Espinoza, C., Lomax, S., Windsor, P. 2020. The effect of topical anaesthesia on the cortisol responses of calves undergoing dehorning. Animals 10(2), 312.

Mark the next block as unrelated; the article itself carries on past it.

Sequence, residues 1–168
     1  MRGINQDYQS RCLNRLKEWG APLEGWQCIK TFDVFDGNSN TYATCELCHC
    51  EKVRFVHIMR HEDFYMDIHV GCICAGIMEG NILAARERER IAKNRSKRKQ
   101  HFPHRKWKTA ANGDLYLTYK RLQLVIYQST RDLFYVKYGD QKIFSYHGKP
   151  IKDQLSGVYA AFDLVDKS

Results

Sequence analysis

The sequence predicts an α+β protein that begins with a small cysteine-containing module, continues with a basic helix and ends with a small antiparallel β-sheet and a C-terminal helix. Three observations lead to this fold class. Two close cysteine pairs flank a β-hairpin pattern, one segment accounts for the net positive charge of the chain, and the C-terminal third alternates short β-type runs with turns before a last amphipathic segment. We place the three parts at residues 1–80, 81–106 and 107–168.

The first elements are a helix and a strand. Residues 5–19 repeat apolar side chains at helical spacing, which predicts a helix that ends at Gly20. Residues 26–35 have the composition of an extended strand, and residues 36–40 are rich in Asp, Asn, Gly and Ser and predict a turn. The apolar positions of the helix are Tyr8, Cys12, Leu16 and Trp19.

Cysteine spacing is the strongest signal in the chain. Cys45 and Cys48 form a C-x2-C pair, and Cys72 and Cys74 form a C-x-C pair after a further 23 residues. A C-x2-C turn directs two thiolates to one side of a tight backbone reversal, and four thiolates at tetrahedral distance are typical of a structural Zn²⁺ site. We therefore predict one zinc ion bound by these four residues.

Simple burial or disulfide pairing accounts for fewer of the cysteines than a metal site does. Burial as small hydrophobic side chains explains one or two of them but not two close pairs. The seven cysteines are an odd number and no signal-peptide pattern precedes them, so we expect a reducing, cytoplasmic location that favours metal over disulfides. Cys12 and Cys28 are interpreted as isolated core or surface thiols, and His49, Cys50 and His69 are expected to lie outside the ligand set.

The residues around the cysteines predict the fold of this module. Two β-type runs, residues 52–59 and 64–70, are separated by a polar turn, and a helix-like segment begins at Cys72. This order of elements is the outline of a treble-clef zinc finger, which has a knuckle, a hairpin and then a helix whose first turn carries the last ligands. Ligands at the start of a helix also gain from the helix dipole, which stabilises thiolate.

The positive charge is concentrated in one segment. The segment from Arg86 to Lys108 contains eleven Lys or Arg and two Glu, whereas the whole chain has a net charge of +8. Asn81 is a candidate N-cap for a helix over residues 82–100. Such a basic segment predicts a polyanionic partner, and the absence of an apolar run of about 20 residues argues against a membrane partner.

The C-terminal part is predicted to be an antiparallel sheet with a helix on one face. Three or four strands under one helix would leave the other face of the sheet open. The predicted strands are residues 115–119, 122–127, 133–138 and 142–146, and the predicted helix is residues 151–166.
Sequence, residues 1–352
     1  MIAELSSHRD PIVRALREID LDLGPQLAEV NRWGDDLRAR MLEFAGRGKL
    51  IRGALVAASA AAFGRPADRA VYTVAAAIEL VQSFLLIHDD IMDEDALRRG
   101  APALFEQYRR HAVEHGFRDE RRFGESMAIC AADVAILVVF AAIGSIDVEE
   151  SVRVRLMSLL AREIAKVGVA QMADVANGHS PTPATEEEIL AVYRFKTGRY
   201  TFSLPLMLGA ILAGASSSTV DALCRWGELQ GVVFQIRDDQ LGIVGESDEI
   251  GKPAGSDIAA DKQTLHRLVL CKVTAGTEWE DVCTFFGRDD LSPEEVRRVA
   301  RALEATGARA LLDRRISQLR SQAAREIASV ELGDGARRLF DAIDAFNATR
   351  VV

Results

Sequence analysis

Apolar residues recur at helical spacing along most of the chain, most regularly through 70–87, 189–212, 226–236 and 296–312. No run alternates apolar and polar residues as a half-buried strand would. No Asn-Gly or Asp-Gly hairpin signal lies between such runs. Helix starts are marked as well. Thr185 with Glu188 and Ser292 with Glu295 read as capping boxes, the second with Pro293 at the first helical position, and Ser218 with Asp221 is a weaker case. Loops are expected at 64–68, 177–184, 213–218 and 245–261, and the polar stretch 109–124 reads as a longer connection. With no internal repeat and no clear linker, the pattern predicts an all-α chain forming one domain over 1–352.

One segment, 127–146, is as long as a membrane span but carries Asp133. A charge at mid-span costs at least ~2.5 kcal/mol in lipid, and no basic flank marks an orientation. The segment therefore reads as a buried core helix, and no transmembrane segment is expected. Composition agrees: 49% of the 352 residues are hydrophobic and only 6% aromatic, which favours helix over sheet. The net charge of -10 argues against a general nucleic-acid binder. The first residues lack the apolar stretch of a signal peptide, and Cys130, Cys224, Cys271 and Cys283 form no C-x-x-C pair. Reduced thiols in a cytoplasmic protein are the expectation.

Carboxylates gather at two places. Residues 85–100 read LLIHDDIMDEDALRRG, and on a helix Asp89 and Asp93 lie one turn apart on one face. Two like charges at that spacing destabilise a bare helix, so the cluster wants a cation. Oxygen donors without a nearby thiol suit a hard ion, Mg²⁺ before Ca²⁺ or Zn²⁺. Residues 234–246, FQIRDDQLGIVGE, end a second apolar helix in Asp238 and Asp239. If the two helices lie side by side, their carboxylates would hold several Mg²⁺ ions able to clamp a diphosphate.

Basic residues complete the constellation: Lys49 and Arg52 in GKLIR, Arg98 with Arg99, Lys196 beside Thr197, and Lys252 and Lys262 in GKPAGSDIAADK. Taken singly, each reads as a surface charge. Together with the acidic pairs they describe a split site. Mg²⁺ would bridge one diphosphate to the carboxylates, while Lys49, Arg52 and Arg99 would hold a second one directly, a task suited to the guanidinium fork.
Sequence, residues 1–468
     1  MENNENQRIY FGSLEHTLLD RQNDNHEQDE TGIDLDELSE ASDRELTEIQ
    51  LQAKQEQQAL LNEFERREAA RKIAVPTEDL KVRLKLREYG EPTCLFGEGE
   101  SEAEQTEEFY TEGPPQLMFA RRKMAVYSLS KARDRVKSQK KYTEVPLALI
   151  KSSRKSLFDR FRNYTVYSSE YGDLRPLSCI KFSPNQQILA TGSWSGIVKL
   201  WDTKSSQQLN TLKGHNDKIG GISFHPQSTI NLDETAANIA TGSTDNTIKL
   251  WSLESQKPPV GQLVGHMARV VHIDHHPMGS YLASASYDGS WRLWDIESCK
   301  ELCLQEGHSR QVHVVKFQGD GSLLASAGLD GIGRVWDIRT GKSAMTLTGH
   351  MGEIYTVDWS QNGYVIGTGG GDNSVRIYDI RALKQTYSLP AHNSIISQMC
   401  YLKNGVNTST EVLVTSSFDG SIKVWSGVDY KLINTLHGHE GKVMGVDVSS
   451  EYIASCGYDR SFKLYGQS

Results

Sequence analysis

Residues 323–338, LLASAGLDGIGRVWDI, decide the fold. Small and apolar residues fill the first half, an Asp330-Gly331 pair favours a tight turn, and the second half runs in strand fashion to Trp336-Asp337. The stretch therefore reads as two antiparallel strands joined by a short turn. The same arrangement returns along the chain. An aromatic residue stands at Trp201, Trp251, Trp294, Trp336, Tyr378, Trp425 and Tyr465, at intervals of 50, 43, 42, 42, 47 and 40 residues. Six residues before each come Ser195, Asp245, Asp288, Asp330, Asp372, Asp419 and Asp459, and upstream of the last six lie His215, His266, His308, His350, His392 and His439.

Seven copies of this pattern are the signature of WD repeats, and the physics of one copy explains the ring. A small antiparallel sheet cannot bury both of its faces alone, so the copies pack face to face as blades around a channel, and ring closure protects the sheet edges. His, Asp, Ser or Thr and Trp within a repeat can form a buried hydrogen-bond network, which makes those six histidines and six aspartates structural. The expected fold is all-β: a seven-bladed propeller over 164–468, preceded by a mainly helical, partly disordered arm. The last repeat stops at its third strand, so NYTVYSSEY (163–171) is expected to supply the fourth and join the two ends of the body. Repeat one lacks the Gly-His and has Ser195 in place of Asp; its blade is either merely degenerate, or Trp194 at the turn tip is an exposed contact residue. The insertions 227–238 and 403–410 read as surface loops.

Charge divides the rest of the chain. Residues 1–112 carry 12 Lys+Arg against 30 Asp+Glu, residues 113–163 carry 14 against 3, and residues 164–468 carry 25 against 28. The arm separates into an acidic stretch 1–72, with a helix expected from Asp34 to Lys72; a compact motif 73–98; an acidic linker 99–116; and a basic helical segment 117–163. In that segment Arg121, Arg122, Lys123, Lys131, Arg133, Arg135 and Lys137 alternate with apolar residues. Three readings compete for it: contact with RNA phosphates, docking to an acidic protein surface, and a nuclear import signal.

Dehorning causes pain and distress to cattle, and there is a need to provide effective and practical analgesia to improve animal welfare. We conducted an experiment to determine the effect of a modified post-operative topical wound management formulation containing two local anaesthetics (TA) on the plasma cortisol concentration (PCC) of scoop-dehorned calves. Two months old Holstein-Friesian heifer calves (n = 30) were randomly allocated to sham dehorning control (CON), scoop dehorning (D), or scoop dehorning with immediate post-operative application of the TA (DTA). Blood samples were obtained via jugular venepuncture prior to sham or actual dehorning, and 40 min, 1.5, 4 and 24 h later. PCC changed significantly over time (p < 0.01). There was a trend for lower PCC in DTA calves compared to D calves (p = 0.09), with the PCC area under the curve lowest in CON calves as compared to D and DTA calves (p = 0.02). Cortisol concentrations were similar between D and DTA at all time points. The TA did not reduce cortisol concentrations up to 24 h following treatment and the cortisol response likely reflects the pain induced by the procedure, the effect of handling and restraint, and haemorrhaging which limited adherence of the TA actives. A multimodal analgesic approach, as assessed through multiple pain indicators, should be the focus of future work.

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